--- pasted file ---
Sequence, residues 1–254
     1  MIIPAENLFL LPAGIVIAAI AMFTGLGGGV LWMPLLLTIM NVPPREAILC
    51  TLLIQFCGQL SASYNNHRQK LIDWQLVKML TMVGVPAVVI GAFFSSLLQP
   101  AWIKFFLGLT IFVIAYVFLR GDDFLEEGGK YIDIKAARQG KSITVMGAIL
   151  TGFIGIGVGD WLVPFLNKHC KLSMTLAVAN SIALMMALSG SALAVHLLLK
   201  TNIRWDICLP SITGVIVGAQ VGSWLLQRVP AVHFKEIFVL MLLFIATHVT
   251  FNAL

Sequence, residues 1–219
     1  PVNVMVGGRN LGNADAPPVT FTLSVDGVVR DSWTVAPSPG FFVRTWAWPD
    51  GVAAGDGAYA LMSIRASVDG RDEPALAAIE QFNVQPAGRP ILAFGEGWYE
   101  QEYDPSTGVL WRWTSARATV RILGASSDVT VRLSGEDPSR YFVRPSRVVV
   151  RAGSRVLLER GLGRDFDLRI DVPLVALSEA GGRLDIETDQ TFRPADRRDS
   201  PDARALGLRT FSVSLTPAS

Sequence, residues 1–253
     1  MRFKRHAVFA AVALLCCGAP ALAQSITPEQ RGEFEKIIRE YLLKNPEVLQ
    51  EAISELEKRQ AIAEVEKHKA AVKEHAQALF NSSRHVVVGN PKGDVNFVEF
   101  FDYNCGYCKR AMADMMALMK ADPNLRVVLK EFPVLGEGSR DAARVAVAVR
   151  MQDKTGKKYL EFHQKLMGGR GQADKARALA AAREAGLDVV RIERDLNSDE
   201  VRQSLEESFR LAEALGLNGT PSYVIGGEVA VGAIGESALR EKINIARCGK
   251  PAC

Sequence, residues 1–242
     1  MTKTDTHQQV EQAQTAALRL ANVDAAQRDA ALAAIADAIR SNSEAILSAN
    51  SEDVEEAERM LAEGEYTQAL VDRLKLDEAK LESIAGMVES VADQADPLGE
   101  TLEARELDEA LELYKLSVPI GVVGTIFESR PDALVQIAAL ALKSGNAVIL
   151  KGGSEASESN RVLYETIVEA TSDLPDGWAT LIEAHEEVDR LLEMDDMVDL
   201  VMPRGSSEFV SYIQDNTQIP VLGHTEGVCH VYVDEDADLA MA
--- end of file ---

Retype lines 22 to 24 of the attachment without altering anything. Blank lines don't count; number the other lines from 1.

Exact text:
     1  MTKTDTHQQV EQAQTAALRL ANVDAAQRDA ALAAIADAIR SNSEAILSAN
    51  SEDVEEAERM LAEGEYTQAL VDRLKLDEAK LESIAGMVES VADQADPLGE
   101  TLEARELDEA LELYKLSVPI GVVGTIFESR PDALVQIAAL ALKSGNAVIL